Hence the current conversation on recessions as V-shaped, U-shaped, L-shaped, W-shaped, etc. (recession shapes being helpfully summarized by Wikipedia), may also be discussed in terms of rhetoric and aesthetics. This is how classicist Froma Zeitlin introduces the subject of ekphrasis, probably most pertinently here: “Ekphrasis is a slippery topic. Although [normally understood] as a rhetorical figure (or figure of speech), its uses and functions far exceed this single classification. Whether defined as a rhetorical exercise, a literary genre (or mode), a narrative digression, a species of description, or a poetic (even metapoetic or meta-representational) technique, the properties associated with ancient ekphrasis are not in doubt. First and foremost are the qualities of enargeia (vividness), sapheneia (clarity), and phantasia (mental image), which, taken together, aim to turn listeners (or readers) into viewers and to evoke an emotional response through an appeal to the immediacy of an imagined presence. Yet, beyond this brief definition, the word ‘ekphrasis’ immediately ushers us into a whole set of questions regarding its intermedial status in a potential contest between verbal and visual representations, the uses of mimesis with regard to verisimilitude (reality–illusion; truth–fiction), and its cognitive, psychological, and mnemonic values in the cultural expectations of its era. It would not be hyperbole to suggest that no other rhetorical term has aroused such interest in recent years among classicists and non-classicists alike, involving aesthetic considerations, theories of vision, modes of viewing, mental impressions, and the complex relationships between word and image.”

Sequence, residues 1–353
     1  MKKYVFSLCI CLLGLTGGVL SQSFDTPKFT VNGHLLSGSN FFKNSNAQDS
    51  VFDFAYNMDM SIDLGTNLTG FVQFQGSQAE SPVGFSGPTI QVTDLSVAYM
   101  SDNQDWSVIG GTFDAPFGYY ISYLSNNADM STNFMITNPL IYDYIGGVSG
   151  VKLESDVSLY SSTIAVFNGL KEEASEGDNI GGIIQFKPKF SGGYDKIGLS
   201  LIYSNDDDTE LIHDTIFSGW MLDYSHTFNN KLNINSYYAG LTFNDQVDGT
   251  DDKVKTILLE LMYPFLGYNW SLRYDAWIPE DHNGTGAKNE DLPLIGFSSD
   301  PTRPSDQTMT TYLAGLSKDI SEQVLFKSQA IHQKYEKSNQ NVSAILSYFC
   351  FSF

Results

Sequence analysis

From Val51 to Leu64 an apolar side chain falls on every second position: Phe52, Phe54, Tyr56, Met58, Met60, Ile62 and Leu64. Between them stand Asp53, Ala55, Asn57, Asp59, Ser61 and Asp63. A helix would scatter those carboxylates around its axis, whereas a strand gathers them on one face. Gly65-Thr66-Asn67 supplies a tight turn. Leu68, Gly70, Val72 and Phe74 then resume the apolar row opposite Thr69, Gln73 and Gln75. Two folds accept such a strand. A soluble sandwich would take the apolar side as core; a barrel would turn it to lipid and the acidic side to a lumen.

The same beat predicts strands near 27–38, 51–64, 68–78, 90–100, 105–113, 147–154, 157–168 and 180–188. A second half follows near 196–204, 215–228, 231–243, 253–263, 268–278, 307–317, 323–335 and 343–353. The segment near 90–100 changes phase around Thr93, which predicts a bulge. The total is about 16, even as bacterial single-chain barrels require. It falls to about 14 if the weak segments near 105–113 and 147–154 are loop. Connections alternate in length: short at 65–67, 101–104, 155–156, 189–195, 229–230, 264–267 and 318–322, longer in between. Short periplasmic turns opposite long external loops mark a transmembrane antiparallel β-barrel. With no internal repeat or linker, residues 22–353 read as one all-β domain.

It may appear somewhat far-fetched, perhaps even frivolous, to render the upcoming/ongoing recession in aesthetic terms, but there is no way one can avoid admitting the metaphorical nature of much of what is happening right now. The image of the V-shape recession, a sudden deep trough, followed by a quick surge—for a few, and particularly the Germans with their economic strength and infamous intransigence when it comes to economic solidarity (e.g. their refusal to accept “coronabonds” to help their European neighbours), this image is now ((in the wake of V-irus) coming close to being analogous to the V-ictory-sign. Thus the Kiel Institute’s most recent headline reads like premature cheers of triumph: “GERMAN ECONOMY: V(IRUS)-SHAPED RECESSION AHEAD.” TH